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An electric guitar is a guitar that uses a pickup to convert the vibration of its strings into electrical impulses. The most common guitar pickup uses the principle of direct electromagnetic induction. The signal generated by an electric guitar is too weak to drive a loudspeaker, so it is amplified before sending it to a loudspeaker. Since the output of an electric guitar is an electric signal, the signal may easily be altered using electronic circuits to add “color” to the sound. Often the signal is modified using effects such as reverb and distortion.
Invented in 1931, the electric guitar became a necessity as jazz guitarists sought to amplify their sound in the big band format. Early proponents of the electric guitar on record included: Les Paul, Lonnie Johnson, Sister Rosetta Tharpe, T-Bone Walker, and Charlie Christian. During the 1950s and 1960s, the electric guitar became the most important instrument in pop music. It has evolved into a stringed musical instrument that is capable of a multitude of sounds and styles. It served as a major component in the development of rock and roll and many other genres of music.
Electric guitar design and construction varies greatly as to the shape of the body, and configuration of the neck, bridge, and pickups. Guitars have a fixed bridge or a spring-loaded hinged bridge that lets players bend notes or chords up or down in pitch, or perform a vibrato. The sound of a guitar can be modified by new playing techniques such as string bending, tapping, hammering on, using audio feedback, or slide guitar playing. There are several types of electric guitar, including the solid body guitar, various types of hollow body guitars, the seven-string guitar, which typically adds a low “B” string below the low “E”, and the twelve string electric guitar, which has six pairs of strings.
Popular music and rock groups often use the electric guitar in two roles: as a rhythm guitar which provides the chord sequence or “progression” and sets out the “beat” (as part of a rhythm section), and a lead guitar, which is used to perform melody lines, melodic instrumental fill passages, and guitar solos.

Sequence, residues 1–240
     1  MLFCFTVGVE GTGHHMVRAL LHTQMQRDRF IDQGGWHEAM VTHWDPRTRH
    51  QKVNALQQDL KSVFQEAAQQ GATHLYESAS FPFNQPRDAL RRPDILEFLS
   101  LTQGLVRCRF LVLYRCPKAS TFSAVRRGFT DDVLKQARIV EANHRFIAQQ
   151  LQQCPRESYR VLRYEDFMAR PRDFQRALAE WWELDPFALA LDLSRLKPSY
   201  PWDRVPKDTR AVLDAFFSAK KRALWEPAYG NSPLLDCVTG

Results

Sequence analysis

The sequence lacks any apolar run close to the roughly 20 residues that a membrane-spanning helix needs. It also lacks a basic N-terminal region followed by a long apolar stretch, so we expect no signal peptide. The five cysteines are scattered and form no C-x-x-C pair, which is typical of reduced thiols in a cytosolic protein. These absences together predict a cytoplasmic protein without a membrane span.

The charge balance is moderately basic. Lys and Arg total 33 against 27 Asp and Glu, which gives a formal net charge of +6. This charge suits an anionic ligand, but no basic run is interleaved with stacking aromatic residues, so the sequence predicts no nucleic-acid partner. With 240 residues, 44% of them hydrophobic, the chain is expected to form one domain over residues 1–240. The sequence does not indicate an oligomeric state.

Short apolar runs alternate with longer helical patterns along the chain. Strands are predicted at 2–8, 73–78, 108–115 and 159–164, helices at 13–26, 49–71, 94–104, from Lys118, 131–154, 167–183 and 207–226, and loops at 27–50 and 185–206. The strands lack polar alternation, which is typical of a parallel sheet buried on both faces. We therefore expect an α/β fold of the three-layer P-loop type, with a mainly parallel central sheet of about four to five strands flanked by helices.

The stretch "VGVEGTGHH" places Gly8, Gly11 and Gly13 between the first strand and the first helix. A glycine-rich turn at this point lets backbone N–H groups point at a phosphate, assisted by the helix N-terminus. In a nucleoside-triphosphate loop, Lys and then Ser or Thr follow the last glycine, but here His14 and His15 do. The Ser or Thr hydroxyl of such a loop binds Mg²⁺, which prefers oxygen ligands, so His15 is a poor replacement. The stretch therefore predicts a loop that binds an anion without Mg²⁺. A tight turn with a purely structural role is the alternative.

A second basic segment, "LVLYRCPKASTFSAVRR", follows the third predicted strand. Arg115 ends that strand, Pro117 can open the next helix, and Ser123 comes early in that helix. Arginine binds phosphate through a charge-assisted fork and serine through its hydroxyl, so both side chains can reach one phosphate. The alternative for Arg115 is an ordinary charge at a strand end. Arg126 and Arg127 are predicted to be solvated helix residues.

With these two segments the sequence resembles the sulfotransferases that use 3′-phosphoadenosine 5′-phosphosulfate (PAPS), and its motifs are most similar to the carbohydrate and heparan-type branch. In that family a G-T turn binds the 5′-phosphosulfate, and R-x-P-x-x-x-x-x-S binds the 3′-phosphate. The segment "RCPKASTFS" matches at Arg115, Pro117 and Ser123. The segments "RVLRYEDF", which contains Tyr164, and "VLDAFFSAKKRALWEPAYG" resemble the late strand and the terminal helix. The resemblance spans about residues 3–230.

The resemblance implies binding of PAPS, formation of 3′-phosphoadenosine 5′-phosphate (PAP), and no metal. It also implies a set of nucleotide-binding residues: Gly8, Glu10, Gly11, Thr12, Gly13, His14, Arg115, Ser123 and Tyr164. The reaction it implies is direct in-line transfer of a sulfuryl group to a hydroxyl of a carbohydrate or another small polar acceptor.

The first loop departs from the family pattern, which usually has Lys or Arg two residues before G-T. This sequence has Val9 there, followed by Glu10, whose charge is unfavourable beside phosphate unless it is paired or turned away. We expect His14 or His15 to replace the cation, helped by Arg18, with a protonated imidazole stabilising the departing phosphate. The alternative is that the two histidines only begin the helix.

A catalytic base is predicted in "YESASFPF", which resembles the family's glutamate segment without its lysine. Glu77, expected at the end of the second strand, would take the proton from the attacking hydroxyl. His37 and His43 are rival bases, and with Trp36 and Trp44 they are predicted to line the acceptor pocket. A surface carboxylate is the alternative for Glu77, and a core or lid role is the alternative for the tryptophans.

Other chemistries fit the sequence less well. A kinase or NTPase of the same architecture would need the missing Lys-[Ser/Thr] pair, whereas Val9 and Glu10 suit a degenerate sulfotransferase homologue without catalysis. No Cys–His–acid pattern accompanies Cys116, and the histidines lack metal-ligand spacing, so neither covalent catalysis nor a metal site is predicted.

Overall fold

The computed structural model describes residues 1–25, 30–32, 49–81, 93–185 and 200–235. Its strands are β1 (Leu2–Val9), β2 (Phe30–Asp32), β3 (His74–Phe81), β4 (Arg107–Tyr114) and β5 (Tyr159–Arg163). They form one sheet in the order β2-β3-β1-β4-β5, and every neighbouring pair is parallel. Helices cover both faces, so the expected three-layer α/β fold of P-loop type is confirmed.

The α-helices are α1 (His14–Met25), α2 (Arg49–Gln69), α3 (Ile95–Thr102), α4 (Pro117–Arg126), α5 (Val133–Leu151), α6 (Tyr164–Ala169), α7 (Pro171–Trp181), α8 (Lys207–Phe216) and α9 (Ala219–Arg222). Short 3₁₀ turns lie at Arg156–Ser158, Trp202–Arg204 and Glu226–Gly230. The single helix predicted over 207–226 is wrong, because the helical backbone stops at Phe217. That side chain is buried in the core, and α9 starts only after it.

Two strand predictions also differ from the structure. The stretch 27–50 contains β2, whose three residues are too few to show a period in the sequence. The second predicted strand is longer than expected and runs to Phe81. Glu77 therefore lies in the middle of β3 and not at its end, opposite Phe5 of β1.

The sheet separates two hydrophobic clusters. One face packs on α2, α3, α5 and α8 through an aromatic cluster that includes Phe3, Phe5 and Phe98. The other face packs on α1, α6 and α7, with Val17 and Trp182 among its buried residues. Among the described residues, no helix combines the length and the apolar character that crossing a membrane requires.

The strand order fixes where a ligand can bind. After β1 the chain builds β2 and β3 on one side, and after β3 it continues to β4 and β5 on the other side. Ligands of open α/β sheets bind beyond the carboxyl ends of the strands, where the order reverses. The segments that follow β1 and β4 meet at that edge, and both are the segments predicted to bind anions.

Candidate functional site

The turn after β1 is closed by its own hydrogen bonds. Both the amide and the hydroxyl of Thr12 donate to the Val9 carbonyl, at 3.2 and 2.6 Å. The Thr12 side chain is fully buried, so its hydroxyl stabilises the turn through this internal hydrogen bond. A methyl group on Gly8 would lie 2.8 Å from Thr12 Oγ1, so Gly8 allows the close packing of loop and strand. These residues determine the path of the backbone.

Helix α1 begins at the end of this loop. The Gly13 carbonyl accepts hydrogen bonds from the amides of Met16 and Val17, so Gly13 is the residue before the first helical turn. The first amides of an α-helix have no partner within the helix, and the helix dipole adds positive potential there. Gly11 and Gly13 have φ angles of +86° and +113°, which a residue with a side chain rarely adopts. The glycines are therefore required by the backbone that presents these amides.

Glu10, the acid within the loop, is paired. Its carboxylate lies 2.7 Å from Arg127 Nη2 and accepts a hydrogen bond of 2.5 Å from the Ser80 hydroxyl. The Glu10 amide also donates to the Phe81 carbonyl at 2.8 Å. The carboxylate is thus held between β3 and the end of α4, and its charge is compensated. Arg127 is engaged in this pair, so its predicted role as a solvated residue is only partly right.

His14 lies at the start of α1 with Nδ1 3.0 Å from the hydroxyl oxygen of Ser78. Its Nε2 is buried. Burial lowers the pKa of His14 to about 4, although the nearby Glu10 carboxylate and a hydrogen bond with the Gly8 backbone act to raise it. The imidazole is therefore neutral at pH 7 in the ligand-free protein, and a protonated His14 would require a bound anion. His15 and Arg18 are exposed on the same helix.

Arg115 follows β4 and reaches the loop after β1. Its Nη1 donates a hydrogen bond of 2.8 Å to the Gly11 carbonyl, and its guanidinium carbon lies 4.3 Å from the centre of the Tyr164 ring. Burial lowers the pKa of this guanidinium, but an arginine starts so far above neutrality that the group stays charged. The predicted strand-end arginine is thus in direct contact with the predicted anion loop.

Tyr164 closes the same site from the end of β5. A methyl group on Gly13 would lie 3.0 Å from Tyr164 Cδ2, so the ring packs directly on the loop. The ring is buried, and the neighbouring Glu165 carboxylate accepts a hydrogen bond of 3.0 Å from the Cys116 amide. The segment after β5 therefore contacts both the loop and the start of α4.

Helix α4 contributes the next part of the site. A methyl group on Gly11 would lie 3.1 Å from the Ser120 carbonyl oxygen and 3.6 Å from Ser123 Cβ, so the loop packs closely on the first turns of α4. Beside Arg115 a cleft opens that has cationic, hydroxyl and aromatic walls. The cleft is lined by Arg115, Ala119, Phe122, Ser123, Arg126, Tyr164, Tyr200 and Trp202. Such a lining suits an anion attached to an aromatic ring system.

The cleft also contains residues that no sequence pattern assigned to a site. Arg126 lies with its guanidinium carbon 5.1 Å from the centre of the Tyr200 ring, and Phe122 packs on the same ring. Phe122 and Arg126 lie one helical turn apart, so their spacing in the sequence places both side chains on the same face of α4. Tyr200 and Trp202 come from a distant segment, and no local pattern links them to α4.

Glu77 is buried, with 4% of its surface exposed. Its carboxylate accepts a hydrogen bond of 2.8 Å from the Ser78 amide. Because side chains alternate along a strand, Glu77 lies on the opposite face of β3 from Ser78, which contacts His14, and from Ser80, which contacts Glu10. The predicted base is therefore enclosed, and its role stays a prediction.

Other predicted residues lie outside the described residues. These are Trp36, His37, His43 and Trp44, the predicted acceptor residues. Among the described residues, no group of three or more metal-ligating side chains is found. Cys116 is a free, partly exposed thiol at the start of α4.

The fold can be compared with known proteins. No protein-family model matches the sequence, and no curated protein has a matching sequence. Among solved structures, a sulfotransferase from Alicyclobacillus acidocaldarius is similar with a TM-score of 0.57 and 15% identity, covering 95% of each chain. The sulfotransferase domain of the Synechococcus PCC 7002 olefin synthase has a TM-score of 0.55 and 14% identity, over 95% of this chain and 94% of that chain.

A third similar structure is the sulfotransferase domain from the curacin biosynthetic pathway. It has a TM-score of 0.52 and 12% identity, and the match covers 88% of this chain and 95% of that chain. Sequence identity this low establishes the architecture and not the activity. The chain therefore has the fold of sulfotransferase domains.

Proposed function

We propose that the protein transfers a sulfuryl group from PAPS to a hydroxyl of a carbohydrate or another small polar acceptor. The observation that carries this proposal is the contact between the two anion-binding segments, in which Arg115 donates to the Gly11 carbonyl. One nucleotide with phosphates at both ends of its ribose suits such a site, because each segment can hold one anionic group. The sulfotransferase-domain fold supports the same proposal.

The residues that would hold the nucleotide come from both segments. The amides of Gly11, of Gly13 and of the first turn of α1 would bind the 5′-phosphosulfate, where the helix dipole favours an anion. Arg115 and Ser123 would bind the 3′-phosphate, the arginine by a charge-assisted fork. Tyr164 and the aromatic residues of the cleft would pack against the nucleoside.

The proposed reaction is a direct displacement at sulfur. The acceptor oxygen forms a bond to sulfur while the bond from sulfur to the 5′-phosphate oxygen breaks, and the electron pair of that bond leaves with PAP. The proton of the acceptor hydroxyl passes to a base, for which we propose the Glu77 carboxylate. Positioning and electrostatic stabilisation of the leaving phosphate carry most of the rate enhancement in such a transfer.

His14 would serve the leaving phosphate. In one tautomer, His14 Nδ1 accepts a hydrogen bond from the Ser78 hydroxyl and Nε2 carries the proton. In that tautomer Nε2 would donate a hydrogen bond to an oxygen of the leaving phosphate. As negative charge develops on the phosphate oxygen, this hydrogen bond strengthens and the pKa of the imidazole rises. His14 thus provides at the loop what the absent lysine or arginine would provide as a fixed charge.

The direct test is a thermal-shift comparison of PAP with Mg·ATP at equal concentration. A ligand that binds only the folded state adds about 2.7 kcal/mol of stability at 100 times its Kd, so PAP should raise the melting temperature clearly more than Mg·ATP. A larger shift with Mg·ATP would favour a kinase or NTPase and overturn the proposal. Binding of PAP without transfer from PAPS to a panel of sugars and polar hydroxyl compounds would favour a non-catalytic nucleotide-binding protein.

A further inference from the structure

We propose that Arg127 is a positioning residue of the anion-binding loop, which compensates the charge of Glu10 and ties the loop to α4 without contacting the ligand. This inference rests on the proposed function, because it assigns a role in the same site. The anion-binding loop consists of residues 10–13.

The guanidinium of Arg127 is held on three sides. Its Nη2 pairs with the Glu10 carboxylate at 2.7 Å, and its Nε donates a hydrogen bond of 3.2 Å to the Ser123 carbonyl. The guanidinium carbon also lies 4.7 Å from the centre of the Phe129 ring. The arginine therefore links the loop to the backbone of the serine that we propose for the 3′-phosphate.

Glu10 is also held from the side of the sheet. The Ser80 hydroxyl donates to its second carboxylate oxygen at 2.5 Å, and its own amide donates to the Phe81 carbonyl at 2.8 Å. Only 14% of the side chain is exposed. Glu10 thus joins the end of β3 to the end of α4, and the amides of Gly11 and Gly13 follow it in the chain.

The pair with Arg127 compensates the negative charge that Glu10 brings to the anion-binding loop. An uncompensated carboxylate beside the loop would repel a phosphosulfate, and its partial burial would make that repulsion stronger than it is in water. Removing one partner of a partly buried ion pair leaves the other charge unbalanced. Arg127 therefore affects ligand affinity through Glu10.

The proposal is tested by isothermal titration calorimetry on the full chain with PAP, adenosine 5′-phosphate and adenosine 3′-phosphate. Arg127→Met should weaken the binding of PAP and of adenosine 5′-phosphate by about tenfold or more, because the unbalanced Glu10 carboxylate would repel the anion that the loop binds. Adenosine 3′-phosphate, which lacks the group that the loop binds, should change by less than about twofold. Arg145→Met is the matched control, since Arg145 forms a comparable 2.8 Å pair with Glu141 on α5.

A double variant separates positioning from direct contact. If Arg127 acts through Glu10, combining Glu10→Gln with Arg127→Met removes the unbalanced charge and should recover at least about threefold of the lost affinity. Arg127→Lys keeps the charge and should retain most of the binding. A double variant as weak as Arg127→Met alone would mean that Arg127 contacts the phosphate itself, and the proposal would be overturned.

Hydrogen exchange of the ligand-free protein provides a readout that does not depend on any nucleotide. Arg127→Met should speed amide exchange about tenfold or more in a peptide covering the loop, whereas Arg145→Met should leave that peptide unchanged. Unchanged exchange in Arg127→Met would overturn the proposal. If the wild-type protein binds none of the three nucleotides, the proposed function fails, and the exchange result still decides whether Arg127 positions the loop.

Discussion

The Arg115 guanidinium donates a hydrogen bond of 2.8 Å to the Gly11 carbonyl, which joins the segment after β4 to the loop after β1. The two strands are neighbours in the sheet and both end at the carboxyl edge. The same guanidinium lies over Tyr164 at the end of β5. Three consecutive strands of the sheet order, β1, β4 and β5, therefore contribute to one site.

Various experiments at electrically amplifying the vibrations of a string instrument date back to the early part of the twentieth century. Patents from the 1910s show telephone transmitters adapted and placed inside violins and banjos to amplify the sound. Hobbyists in the 1920s used carbon button microphones attached to the bridge, however these detected vibration from the bridge on top of the instrument, resulting in a weak signal. With numerous people experimenting with electrical instruments in the 1920s and early 1930s, there are many claimants to have been the first to invent an electric guitar.
Electric guitars were originally designed by guitar makers and instrument manufacturers. Some of the earliest electric guitars adapted hollow bodied acoustic instruments and used tungsten pickups. The first electrically amplified guitar was designed in 1931 by George Beauchamp, General Manager at National Guitar Corporation with Paul Barth who was Vice President. The maple body prototype for the one piece cast aluminum “Frying Pan” was built by Harry Watson, factory superintendent of National Guitar Corporation. Commercial production began in late summer of 1932 by the Ro-Pat-In Corporation (Electro–Patent-Instrument Company Los Angeles), a partnership of Beauchamp, Adolph Rickenbacker (originally Rickenbacher), and Paul Barth. By 1934 the company was renamed Rickenbacker Electro Stringed Instrument Company.
The need for the amplified guitar became apparent during the big band era as orchestras increased in size, particularly when guitars had to compete with large brass sections. The first electric guitars used in jazz were hollow archtop acoustic guitar bodies with electromagnetic transducers. By 1932 an electrically amplified guitar was commercially available. Early electric guitar manufacturers include: Rickenbacker (first called Ro-Pat-In) in 1932, Dobro in 1933, National, AudioVox and Volu-tone in 1934, Vega, Epiphone (Electrophone and Electar), and Gibson in 1935 and many others by 1936.
The solid body electric guitar is made of solid wood, without functionally resonating air spaces. Rickenbacker offered a cast aluminum electric steel guitar, nicknamed “The Frying Pan” or “The Pancake Guitar”, developed in 1931 with production beginning in the summer of 1932.